First looks and teardowns of Apple's new Mac Pro

The first units off the Mac Pro (Late 2013) production line are making their way to customers, so a number of analyst sites have posted first looks and teardowns of the new model.

Apple CEO Tim Cook said the company would ship the new Mac Pro this year and it did so, despite many predictions that it wouldn't or couldn't. From the first-looks, I predict that the Mac Pro (Late 2013) will be the new status-symbol, C-level desktop of choice across the enterprise.

First-looks and tear-downs of Apple's new Mac Pro

This machine is a great combination of performance power and industrial design. It will be the perfect talking-point machine for captains of industry and everyone down the food chain. It has the performance to handle 4K HDTV content, so bosses won't have to rely upon someone else's machine to view any content associated with the brand. It is expandable, although the enterprise crowd won't really need that, outside of C-level executives in engineering, architecture, sci-tech and content-creation companies.

And it has a sexy, black, sleek look. It will be a surprise hit this year, beating sales expectations.

In a review at Anandtech, Anand Lal Shimpi says he never thought that he would go back to the Mac Pro. He appreciated the flexibility offered by his 15-inch MacBook Pro as a desktop, and there was no way he was "going to take two steps back in single threaded performance just to get a quieter system." He waxed enthusiastic about the updated hardware.

All in all the new Mac Pro is a good update to its aging predecessor. Apple did a great job with the new chassis and build a desktop that's extremely dense with compute. When I had to dust off the old Mac Pros to prepare them for this comparison I quickly remembered many of the reasons that frustrated me about the platform. The old Mac Pro was big, bulky, a pain to work on and was substantially behind the consumer Macs in single threaded performance. The new Mac Pro fixes literally all of that. If you have a workload that justifies it and prefer OS X, the Mac Pro is thankfully no longer just your only solution, it's a great solution.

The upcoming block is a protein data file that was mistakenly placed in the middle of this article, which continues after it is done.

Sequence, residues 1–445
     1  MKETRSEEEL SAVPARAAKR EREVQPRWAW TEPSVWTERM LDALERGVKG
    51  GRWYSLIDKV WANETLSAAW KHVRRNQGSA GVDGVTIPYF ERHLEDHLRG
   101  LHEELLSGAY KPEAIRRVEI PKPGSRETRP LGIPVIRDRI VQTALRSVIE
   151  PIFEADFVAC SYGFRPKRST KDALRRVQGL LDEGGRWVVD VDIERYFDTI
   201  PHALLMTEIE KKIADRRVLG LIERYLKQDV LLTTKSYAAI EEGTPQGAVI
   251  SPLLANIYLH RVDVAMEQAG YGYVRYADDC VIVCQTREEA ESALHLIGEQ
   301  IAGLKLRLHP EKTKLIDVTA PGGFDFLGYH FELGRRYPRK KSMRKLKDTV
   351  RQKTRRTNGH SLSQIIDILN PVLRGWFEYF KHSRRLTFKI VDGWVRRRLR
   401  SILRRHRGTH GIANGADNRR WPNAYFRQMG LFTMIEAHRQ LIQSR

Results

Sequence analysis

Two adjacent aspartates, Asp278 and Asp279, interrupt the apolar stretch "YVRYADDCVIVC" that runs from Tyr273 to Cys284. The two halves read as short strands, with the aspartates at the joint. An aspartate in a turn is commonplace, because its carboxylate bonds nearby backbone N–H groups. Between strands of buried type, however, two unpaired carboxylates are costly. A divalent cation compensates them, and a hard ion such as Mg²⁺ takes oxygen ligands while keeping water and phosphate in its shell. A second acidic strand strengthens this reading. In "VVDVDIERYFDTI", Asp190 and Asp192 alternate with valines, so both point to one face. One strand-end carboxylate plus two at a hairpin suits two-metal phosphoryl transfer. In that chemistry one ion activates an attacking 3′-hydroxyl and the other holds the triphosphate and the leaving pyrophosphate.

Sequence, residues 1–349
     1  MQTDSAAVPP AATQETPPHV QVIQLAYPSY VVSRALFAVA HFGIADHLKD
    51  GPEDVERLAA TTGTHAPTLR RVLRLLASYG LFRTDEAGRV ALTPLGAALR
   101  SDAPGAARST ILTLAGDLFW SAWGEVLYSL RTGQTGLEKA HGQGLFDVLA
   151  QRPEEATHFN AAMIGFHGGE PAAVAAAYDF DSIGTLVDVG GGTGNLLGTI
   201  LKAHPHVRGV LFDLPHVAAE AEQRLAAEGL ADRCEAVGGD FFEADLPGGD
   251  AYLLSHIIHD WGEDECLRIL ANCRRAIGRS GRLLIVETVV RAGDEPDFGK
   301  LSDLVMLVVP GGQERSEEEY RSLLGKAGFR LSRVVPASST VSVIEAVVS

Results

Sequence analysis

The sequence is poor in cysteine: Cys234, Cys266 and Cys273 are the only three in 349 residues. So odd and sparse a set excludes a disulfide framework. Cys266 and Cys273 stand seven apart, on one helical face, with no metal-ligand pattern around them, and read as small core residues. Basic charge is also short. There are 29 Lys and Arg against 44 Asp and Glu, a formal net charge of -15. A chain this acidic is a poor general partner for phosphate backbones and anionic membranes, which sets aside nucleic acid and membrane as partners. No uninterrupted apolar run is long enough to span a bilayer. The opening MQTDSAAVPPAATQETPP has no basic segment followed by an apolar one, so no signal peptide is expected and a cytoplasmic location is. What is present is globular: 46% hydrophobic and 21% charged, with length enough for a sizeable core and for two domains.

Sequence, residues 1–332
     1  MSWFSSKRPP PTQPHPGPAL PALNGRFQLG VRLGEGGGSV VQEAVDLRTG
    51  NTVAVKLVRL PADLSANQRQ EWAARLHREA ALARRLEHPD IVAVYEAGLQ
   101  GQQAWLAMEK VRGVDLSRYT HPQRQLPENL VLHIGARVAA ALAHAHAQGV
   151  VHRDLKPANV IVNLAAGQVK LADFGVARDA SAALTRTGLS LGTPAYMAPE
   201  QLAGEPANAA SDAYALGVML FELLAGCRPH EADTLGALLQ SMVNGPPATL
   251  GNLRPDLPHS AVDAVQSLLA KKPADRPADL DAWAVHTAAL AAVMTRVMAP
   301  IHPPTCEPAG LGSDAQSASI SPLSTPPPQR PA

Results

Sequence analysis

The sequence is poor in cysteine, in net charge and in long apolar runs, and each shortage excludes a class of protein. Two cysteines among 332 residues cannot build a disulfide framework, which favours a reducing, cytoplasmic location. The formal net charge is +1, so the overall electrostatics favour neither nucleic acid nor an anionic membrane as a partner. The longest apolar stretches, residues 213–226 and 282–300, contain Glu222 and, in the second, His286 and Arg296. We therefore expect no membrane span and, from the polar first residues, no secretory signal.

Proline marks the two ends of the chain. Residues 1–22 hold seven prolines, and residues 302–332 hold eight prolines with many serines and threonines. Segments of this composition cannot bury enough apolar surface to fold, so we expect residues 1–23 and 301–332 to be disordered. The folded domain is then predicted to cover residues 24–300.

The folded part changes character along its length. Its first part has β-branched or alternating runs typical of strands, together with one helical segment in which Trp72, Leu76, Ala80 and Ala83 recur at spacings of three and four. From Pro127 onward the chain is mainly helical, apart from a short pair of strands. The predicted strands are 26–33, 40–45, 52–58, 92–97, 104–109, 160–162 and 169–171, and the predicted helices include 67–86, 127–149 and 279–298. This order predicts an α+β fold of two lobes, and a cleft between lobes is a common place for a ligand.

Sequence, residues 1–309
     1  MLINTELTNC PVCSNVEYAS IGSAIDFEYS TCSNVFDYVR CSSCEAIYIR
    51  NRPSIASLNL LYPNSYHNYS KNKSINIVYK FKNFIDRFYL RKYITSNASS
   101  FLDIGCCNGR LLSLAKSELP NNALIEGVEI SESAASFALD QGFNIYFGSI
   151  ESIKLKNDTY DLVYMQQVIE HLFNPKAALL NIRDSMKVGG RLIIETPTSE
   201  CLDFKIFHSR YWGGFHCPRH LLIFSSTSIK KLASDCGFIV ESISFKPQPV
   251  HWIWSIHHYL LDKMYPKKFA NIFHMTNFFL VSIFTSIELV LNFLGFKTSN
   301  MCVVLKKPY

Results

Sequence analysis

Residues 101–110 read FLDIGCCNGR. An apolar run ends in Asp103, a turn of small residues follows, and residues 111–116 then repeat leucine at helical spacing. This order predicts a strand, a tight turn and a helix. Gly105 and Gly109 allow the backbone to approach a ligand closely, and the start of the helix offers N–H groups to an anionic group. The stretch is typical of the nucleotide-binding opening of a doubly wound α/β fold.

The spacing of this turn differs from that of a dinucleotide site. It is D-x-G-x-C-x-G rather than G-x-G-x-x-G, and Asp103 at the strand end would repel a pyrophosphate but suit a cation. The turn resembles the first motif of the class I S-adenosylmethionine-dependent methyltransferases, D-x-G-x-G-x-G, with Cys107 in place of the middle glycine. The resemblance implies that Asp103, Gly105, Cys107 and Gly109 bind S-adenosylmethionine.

The picture isn't all rosy dealing with 4K/MST video, Lal Shimpi said. However, there are workarounds. He also suggests that the choice of monitors and the configuration of Thunderbolt 2 bandwidth make a great deal of difference in support for 4K performance. Thankfully, there are 6 ports available.

I measured less than 4Gbps of bandwidth (~480MB/s) available for writes to a Thunderbolt 2 device downstream from the Mac Pro if it had a 4K display plugged in to it. Read performance remained untouched since display data only flows from host to display, leaving a full 20Gbps available for reads. If you’re going to connect Thunderbolt 2 devices to the Mac Pro as well as a 4K display, you’ll want to make sure that they aren’t on the same chain.

Lal Shimpi observes that the Mac Pro line will now be given some respect. He hopes that Cupertino will push Intel to drive workstation performance in the way that it pushes its partners and suppliers for the rest of its lines.

Intel does its highest paying desktop customers a disservice by always selling them a previous generation micro architecture in exchange for more cores and PCIe lanes. In the case of the Mac Pro, especially given the lackluster OS X adoption of QuickSync and how well the Mac Pro makes use of PCIe lanes, I’m actually ok with the tradeoff. You end up with a far better platform as a result.

On the tear-down front, iFixit presented its repairability score for the new model: 8 out of 10 (10 is easiest to repair). Despite the good score, the article still advised that without a repair manual, technicians shouldn't risk working on the expensive equipment due to "some proprietary new connectors and tight cable routing."

For being so compact, the design is surprisingly modular and easy to disassemble. Non-proprietary Torx screws are used throughout, and several components can be replaced independently. The easily-opened case is designed to make RAM upgrades a snap. The fan is easy to access and replace.

While it will require a bit of digging, the CPU is user-replaceable—meaning intrepid fixers should be able to save considerably by upgrading from the base-level processor configuration.

On its blog, Other World Computing also posted a very detailed photo teardown of the new Mac Pro.

In addition, Apple recently posted a note about the memory specifications of the Mac Pro (Late 2013).